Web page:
Supercell has recruited 36 pro esports organizations to field teams for its new Clash Royale League, which will crown the world’s top Clash Royale players in a series of tournaments with a $1 million prize pool.
Supercell’s roster of teams includes eight of North America’s finest esports teams: Cloud9 Esports, Team SoloMid, Tribe Gaming, Immortals, NRG, Complexity, 100 Thieves, and Counter Logic Gaming.
Last year, a competitor from Mexico, Sergioramos, won the tournament as the best player in the world. But everybody competed in the tournament as individuals.
This year, Supercell is offering players the chance to sign with one of the elite pro teams through an in-game event called the Clash Royale League Challenge. 25 million players competed to qualify for the CRL in 2018, and just under 7,000 players from 113 different countries made it to the next round. In the coming months, pro teams will create their rosters and prepare to compete for their spot in the World Finals event that will take place later this year.
“The great thing about this league is that part of team will have existing high-level pro players. And part is sourced from a worldwide combine of amateur players,” said Dan Fiden, president of esports organization Cloud9, in an interview with GamesBeat. “2017 was a really interesting year for the esports ecosystem. The reach is pretty amazing, and it signaled an era of much deeper engagement by game publishers and team organizations like Cloud9. The reach of mobile and the quality of Clash Royale as a game is really appealing to Cloud9.”
Each of the North American teams will be building a roster for their Clash Royale team from the pool of players that completed the in-game Clash Royale League Challenge. FNATIC, Misfits, SK Gaming, G2 Esports, Team Liquid, Team Queso, 100 Thieves, and Allegiance will represent the European region. EDG.M, GO, JDG, LGD, NOVA, OP, SNAKE, and WE will represent mainland China. Asia will be represented by OGN Entus, Sandbox, Kingzone, OP.GG, GameWith, PONOS Sports, DetonatioN Gaming, FAV Gaming, AHQ ESPORTS CLUB, KIX, Chaos Theory and Bren Esports. The teams representing Latin America will be announced later.
“We are incorporating a lot of the premier esports organizations from around the world,” said Tim Ebner, who oversees esports at Supercell, in an interview with GamesBeat. “In 2017, we noticed that many of the finalists were involved with esports team organizations. We want to bring the teams more deeply into the ecosystem as we move from an amateur to a pro league structure.”
In the game, players collect and upgrade dozens of cards featuring the Clash of Clans troops, spells and defenses Clash players know and love, as well as the Royales: Princes, Knights, Baby Dragons and more. Players must knock the enemy King and Princesses from their towers to defeat their opponents and win Trophies, Crowns and glory in the Arena. But most of the action is one human player versus one human player, though Supercell also introduced a two-versus-two mode. Ebner said that the competitive teams will have four to six players each. And in tournaments, three players from each team will play one-versus-one sessions in a match.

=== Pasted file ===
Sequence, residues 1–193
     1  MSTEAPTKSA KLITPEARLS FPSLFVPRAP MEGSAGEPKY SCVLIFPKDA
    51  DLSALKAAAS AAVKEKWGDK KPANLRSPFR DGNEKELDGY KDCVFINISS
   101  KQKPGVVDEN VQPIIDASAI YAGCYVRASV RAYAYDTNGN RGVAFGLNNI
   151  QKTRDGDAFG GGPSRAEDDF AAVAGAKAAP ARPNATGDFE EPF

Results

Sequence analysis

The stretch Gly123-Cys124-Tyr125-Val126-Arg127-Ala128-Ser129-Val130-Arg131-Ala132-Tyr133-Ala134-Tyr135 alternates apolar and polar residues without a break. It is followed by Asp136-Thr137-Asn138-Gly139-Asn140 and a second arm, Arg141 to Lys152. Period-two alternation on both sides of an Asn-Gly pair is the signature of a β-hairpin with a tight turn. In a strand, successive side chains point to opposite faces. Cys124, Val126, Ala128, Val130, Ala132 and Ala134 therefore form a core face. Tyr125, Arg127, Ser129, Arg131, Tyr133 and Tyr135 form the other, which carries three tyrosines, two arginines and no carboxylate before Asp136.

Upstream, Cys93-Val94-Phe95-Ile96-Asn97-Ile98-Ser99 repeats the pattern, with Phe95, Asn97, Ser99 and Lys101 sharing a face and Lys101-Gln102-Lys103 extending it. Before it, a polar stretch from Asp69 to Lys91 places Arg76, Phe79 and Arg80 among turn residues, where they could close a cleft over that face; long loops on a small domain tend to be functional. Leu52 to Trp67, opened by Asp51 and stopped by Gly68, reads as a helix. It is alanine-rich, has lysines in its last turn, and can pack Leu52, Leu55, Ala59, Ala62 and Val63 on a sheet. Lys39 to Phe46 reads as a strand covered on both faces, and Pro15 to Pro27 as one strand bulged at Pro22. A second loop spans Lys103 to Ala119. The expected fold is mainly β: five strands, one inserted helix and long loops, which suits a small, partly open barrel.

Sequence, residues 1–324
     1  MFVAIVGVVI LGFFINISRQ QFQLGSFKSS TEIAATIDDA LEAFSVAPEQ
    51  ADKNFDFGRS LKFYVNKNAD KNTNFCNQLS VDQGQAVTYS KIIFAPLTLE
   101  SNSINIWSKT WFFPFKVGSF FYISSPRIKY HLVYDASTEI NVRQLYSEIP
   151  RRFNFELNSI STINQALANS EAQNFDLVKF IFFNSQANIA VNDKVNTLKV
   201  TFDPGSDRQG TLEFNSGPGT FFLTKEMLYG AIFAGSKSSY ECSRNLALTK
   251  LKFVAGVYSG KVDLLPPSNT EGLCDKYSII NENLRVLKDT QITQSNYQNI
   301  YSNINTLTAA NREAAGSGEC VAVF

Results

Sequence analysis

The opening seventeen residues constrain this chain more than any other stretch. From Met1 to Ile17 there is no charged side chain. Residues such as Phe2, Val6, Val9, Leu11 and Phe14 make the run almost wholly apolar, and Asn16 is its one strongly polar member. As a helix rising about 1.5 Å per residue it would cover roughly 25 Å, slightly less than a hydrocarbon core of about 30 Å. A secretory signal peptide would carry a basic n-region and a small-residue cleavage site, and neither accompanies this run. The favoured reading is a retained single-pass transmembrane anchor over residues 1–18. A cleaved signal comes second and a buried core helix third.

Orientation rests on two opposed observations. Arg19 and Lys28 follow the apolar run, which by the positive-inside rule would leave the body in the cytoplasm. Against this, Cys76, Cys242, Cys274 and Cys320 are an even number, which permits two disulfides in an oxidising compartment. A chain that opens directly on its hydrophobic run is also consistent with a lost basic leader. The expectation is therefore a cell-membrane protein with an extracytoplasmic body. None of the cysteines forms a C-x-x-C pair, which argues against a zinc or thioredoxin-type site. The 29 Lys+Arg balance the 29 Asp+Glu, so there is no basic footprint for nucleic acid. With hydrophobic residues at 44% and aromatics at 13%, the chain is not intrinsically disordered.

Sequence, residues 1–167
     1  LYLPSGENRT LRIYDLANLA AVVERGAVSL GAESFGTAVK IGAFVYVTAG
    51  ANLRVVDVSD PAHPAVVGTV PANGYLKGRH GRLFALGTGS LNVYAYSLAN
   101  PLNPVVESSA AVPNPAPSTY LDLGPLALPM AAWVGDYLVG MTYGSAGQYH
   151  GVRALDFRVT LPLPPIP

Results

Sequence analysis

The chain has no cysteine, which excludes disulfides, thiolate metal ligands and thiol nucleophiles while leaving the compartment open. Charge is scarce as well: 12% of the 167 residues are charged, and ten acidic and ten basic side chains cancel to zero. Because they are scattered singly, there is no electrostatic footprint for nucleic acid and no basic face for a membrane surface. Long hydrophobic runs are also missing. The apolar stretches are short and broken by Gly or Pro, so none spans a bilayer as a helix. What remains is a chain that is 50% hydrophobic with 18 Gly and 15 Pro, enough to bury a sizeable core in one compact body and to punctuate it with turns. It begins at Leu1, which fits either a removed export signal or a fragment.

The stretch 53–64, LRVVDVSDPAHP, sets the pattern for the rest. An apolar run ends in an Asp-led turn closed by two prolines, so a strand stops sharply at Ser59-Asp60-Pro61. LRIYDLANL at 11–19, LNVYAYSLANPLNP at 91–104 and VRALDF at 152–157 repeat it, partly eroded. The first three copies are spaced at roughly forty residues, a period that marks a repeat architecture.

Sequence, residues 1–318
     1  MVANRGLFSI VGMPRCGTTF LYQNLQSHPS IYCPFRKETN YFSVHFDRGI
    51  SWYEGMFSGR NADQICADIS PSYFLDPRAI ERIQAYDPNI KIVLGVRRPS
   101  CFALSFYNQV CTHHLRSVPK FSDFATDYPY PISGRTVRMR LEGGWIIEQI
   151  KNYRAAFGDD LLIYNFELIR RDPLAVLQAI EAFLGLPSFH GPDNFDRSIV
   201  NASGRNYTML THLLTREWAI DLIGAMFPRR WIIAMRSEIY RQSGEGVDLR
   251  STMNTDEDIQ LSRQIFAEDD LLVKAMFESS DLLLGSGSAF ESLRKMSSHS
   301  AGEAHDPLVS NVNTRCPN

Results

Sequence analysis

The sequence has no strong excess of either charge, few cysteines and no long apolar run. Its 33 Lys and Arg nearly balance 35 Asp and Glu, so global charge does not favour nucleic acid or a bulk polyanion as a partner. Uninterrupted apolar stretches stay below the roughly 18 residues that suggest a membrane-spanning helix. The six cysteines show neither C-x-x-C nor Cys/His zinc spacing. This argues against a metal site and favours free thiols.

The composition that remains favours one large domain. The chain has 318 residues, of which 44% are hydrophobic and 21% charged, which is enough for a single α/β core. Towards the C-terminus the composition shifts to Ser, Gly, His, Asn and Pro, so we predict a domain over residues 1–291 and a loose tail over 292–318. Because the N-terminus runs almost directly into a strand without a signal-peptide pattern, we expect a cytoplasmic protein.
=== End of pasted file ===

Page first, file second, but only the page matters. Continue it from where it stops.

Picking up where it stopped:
Two CRL regions, Mainland China and Asia (which includes all Asian countries other than China), will have a Spring Season which runs from March 23 to June 3 in China, and April 27 – July 14 in Asia. Other regions in the world will begin competing with the Fall Season in August, leading up to a World Finals event which will take place in Winter 2018.
Along with the CRL, a new tournament format will make the competitions more fun to watch, with an emphasis on finding the best team as opposed to individual player, Ebner said. Each of the CRL regions will be comprised of four to 12 teams. Top teams from each of the regions will advance to the World Finals.
Fiden said he believes that mobile esports will be a very large business opportunity, with a lot of investment still to come.
Last year, Supercell ran its own Crown Championship World Finals tournament. Ebner said the esports teams can expand the reach of Clash Royale esports beyond what Supercell can do itself.
“As a small company, we have a hard time building a massive esport,” Ebner said. “Some teams have signed existing players, but we will also require them to sign new players.”
Plexchat recently started its Path2Pro league for Clash Royale, hoping to surface amateur players as potential pros. That league is separate from Supercell’s Clash Royale League, but Ebner said he liked how Path2Pro is allowing more people to participate in tournaments for amateurs.
He also said that Supercell is thinking about how it can modify the game for better spectating and esports experiences. Players will be able to watch the matches played inside the game, and Supercell will use the game to promote interest in the league.
“This is one step of many, and we are very excited about it,” Ebner said. “With mobile, the scale of participation is huge, as we started with 25 million players.”